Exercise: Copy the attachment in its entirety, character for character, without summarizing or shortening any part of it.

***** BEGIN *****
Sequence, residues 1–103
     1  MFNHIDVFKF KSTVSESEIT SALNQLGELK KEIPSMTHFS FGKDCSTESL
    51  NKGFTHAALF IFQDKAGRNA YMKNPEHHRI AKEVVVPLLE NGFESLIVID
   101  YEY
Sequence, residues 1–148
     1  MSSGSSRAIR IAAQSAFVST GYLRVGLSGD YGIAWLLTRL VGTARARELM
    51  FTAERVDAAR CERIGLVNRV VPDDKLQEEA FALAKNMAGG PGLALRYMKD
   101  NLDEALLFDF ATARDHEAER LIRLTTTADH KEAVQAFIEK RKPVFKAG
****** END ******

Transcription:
Sequence, residues 1–103
     1  MFNHIDVFKF KSTVSESEIT SALNQLGELK KEIPSMTHFS FGKDCSTESL
    51  NKGFTHAALF IFQDKAGRNA YMKNPEHHRI AKEVVVPLLE NGFESLIVID
   101  YEY
Sequence, residues 1–148
     1  MSSGSSRAIR IAAQSAFVST GYLRVGLSGD YGIAWLLTRL VGTARARELM
    51  FTAERVDAAR CERIGLVNRV VPDDKLQEEA FALAKNMAGG PGLALRYMKD
   101  NLDEALLFDF ATARDHEAER LIRLTTTADH KEAVQAFIEK RKPVFKAG